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The “urban planning chaos” reigns in many border areas between St. Petersburg and Leningrad Region. Spontaneous development, when houses are built almost in an open field, increases the load on the roads, polyclinics and kindergartens in the suburban areas of St. Petersburg. If the population on the border of the two entities will continue to grow uncontrollably, it could threaten infrastructure collapse.
The old problem of cross-border development of the two entities of the federation was discussed in the press centre “BaltInfo” by representatives of the faction “Fair Russia” in the urban and regional legislative councils. Deputies drew attention to the fact that over recent years the development of infrastructure has been desperately trying to catch up with the pace of construction of new housing in the area of Leningrad Region.
Olga Frolova, Lead Analyst of Surveyor International Group, recalled that the territory located within the radius of 30 kilometers from St. Petersburg is home to about 800 thousand people, which is about 45% of the whole Region’s population. And if all the announced investment projects in this area will be implemented, there will be a population increase of 2.5 million people. It is clear that this is unlikely, but even a more modest population growth could cause many problems.
“Projects that are being implemented at the border with St. Petersburg are high-density planning of multi-storey buildings. The quality of the urban environment there is extremely low. And it is not only about elementary beautification, there are not even playgrounds and shops. In fact, many of these houses are just standing in a field. The problem is also the lack of sufficient connection to utilities”, - believes Frolova. In her opinion, often it would be wiser to connect these areas to the city networks, for example, waterworks, but so far there is no established pattern through which this connection would be possible.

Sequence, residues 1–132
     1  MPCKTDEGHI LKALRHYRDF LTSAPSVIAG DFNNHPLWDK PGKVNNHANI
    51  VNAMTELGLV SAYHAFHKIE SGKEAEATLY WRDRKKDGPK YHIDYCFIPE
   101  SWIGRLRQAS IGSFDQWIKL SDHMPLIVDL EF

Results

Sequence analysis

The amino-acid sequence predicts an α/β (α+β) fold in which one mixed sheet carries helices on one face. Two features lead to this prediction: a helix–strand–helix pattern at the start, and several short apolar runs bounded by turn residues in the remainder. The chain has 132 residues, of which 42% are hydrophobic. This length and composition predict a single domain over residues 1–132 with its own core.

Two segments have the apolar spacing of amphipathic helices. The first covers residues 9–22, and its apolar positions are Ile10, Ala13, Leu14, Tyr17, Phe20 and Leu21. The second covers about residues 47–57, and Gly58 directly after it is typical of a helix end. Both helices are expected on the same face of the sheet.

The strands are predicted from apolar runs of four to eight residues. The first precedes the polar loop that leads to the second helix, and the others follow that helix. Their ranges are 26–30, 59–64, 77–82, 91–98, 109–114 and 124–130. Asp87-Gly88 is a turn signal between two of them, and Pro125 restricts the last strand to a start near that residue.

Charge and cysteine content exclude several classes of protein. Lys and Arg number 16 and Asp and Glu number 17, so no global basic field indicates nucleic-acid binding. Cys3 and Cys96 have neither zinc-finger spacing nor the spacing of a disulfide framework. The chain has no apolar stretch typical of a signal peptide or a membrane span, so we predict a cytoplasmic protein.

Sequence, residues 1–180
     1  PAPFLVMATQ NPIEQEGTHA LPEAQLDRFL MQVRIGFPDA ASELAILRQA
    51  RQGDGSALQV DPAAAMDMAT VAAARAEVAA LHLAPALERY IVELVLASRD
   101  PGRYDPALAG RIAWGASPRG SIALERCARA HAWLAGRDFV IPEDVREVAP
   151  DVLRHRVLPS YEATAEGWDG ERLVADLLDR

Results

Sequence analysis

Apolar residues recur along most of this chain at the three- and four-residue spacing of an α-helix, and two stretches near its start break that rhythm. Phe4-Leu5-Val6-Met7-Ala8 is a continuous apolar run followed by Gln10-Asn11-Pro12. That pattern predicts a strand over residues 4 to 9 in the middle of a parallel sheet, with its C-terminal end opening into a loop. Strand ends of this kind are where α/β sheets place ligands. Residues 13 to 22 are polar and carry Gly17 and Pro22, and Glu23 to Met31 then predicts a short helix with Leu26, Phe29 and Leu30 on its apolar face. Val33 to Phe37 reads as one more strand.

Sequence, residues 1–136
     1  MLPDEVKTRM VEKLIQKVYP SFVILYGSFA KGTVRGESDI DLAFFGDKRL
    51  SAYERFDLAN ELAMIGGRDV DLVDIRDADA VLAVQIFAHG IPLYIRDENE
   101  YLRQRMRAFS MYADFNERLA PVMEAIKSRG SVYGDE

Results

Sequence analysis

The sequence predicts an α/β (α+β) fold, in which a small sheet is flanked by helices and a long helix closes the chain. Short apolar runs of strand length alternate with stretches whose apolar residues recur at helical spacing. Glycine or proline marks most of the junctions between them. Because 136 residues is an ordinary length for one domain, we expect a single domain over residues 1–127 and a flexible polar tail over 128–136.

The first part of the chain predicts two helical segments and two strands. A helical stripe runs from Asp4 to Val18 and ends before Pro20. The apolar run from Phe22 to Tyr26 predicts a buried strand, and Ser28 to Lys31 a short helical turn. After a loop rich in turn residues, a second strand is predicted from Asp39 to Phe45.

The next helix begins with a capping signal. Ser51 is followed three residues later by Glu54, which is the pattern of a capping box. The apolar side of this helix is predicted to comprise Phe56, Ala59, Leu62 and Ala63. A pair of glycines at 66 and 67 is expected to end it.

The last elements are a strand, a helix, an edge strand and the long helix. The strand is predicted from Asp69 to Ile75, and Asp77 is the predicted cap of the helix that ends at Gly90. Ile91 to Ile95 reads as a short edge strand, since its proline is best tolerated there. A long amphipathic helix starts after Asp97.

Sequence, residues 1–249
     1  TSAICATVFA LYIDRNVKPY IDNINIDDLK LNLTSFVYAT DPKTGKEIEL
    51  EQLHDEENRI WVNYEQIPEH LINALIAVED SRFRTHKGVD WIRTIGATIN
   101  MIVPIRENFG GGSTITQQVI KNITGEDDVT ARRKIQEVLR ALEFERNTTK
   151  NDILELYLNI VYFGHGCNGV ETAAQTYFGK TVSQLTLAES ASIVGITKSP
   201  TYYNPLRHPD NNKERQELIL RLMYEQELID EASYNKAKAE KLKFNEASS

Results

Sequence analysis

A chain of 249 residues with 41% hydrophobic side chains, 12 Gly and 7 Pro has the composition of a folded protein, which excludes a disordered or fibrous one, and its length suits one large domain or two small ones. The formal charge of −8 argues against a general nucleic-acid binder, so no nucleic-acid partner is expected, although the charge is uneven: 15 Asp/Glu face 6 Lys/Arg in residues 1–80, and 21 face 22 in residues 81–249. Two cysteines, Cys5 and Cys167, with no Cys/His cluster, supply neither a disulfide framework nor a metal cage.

The transport problem is acute, too. “In these microdistricts, no places of employment are created. Accordingly, all of this population take their cars (suburban electric trains are not a comfortable means of transport with us) and go to St. Petersburg. All this creates a huge burden on the transport system, and people lose a lot of time in traffic jams. Ideally, everything should be generally in reverse – first jobs are created, and then a population settlement pattern is created around these places”, - said the expert. Another problem of waste disposal is even more acute. Until now, there is no layout of landfills or recycling facilities between the city and the region. All these objects, of course, will be arranged in the regional territory, which causes a huge discontentment of local residents.
These problems are most typical for those settlements where in the coming years an increase of the population by 20 thousand people or more is expected. In the north of the city it is Murino and Novoye Devyatkino, in the east it is the territory around the Murmansk highway, in the south it is Shushary, Anninskoye settlement and Gorelovo.
The Head of the faction of “Fair Russia” in the Legislative Assembly of St. Petersburg, Alexei Kovalev, said that there are ways out of this crisis. But they can be found only if the regional authorities will agree to prepare territorial development documents together with St. Petersburg. “It may even be an area of not 30, but 50 or even 100 km around the city. The problem of Leningrad Region is that all urban planning is concentrated in municipalities. Around St. Petersburg, there are about 15 general plans and schemes of territorial development, regional or municipal”, - he says.